If you’ve spent much of any time in the gym — or following along at home with online fitness classes — you’ve likely heard a trainer talk about the “posterior chain” like it was the plans for the Death Star.
That might not actually be an oversell on the importance of this supergroup of muscles, which is involved in the majority of human movements.
But very few exercisers truly understand what it is, why it’s important, and how to strengthen it.
Let’s change that, shall we?
What Is the Posterior Chain?
The posterior chain refers to all of the muscles that comprise the backside of your body, spanning from your heels to the base of your skull, explains St. Louis-based strength coach Kourtney Thomas, CSCS.
While this includes many little muscles you’ve likely never heard of, the main posterior chain muscles should ring familiar.
You can consider your butt muscles your body’s powerhouse.
They make up the single-largest muscle group in the human body, and are primarily involved in hip extension (thrusting your hips forward) and abduction (raising your legs out to the sides).
They also help stabilize your pelvis and control side-to-side motion.
Connecting your knees and hips, this large muscle group on the backs of your thighs is responsible for bending your knee and helping extend your hips.
Comprising two muscles — the gastrocnemius and soleus — the calf muscle connects the ankle and the knee, and governs plantar flexion (think: pointing your toes).
The largest muscles in your upper body, the latissimus dorsi are your “wings,” and span from your pelvis and spine to your humerus (upper-arm bone).
They’re hugely important for posture and most pulling motions.
Running along the length of your spine, the erector spinae help extend (arch) your back. They also work to stabilize your spine, promoting healthy posture and reducing the risk of vertebral injury.
This is a catch-all term for the rhomboids, scapular muscles, trapezius, and more. They’re vital to shoulder function and postural alignment, and often work in tandem with the lats.
Why Is the Posterior Chain Important?
There are few movements you can make in life that don’t involve at least one muscle of the posterior chain.
When it isn’t busy extending your hips during jumps or pulling your arms back during rows (the two main moves people associate with the posterior chain), it’s supporting your chest as you push, stabilizing your spine as you stand, and keeping you from curling into a ball when you sit in a chair, explains Janet Hamilton, CSCS, an exercise physiologist with Running Strong in Atlanta.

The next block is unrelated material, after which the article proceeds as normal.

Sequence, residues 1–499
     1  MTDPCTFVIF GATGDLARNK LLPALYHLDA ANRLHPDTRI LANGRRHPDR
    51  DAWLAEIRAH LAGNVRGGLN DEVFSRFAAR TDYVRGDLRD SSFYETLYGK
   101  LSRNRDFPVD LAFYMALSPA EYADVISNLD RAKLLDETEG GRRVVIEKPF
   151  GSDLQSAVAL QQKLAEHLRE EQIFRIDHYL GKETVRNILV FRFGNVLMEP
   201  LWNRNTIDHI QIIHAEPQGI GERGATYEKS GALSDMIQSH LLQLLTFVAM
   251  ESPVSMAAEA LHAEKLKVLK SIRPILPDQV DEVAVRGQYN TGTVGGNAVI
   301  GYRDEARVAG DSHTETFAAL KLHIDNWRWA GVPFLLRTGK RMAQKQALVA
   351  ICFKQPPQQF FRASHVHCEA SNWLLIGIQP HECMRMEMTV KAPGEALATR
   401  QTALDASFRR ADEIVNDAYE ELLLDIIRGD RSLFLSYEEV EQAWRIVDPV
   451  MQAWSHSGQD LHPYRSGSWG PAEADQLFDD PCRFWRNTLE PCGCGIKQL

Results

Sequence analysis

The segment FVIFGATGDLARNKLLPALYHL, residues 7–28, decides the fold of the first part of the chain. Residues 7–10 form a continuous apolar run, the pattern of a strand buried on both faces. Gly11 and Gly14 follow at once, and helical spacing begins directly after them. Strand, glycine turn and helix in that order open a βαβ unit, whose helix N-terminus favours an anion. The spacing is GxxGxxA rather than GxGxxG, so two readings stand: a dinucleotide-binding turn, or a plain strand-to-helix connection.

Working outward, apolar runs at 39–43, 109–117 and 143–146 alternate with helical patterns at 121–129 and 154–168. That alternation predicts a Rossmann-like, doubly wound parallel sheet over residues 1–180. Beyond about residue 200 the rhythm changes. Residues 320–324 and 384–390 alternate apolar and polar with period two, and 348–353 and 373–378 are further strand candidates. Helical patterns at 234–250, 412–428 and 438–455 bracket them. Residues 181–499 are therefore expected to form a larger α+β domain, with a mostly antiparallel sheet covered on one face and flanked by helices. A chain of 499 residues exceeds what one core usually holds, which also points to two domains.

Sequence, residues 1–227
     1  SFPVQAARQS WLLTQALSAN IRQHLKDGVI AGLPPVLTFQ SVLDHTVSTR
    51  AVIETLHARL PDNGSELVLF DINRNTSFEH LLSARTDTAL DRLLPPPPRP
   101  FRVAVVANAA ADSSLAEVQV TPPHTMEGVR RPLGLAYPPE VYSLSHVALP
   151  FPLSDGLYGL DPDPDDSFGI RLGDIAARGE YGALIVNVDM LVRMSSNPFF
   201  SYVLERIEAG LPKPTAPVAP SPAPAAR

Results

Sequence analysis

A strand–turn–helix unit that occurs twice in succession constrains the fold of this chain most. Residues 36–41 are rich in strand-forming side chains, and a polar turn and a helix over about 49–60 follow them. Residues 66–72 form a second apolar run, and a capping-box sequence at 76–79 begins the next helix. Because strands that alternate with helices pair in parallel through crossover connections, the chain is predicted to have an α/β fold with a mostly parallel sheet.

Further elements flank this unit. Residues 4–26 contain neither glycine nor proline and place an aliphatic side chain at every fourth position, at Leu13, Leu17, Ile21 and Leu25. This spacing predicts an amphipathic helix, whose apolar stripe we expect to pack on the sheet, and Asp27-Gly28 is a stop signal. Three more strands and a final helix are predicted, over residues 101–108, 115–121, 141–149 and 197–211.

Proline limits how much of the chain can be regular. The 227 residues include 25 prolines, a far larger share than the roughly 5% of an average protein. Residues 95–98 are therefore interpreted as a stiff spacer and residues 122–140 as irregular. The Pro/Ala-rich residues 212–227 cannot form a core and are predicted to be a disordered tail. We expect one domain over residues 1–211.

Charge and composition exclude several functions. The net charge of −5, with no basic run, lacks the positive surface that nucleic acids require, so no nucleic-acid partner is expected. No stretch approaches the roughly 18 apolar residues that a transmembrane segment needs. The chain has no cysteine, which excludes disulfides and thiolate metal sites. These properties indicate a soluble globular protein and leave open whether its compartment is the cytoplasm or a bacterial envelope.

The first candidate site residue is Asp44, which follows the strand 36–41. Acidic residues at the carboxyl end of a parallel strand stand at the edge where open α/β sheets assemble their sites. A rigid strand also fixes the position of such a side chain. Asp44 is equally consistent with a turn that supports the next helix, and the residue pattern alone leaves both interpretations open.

And as the term “chain” suggests, they’re all linked.
“Muscles work as team members,” she says. “Almost every muscle in the human body crosses more than one joint, so there are interactions happening between multiple muscles at every joint.”
This creates an interconnected chain of muscles that are constantly working together to create different movement patterns.
Interestingly, the movement patterns enabled by the posterior chain work in opposition to — balancing out — the anterior chain, or the muscles of the front of the body.
However, in today’s desk-bound culture, the muscles of the posterior chain are often not strong enough to hold their own against their anterior counterparts, pulling the spine forward, creating pain in the upper and lower back, and even limiting shoulder mobility.
“Neglecting the backside of the body can set us up for imbalances and wonky weaknesses in important muscles and muscle groups,” Thomas says.
What Exercises Should You Do for the Posterior Chain?
Performing dedicated posterior chain workouts and exercises is critical to overall health, with Thomas recommending that you perform at least two upper-body pulling (posterior) exercises for every upper-body pushing (anterior) exercise that you complete.
While most lower-body exercises work both the posterior and anterior chains of the body, throwing in some extra glute and hamstring work with posterior chain exercises like hip thrusts and deadlifts can help you give the lower links of your posterior chain the love they deserve.
Squats work both the posterior chain and anterior chain to a high degree.
Bulgarian split squat
Barbell back squat
Arguably the most comprehensive posterior chain exercise ever, the deadlift movement pattern trains the hamstrings and glutes to an incredibly high degree. They will also help strengthen your shoulders, upper back, and core (which extends all the way around your torso).
Hip extension-based exercises like the hip thrust are the best posterior chain exercises for when you really want to hone in on your butt to build glute size, shape, and strength.
Single-leg stability ball hip thrust
Dumbbell hip thrust
Barbell hip thrust
Similarly to squats, lunge variations will work both the posterior and anterior sides of your body. However, stepping backward, keeping your weight in the heel of your flat foot, and even leaning forward just slightly can up the ante on your posterior chain.
All pulling exercises focus on the back muscles. However, exactly how you pull changes the emphasis.
Horizontal pulling exercises like bent-over rows, resistance-band rows, and reverse flys emphasize the mid-to-upper back.
Meanwhile, vertical pulling exercises such as chin-ups and pull-ups place even greater emphasis on the lats.
Dumbbell bent-over row
Chest-supported dumbbell row
Dumbbell reverse-grip row
Dumbbell reverse fly
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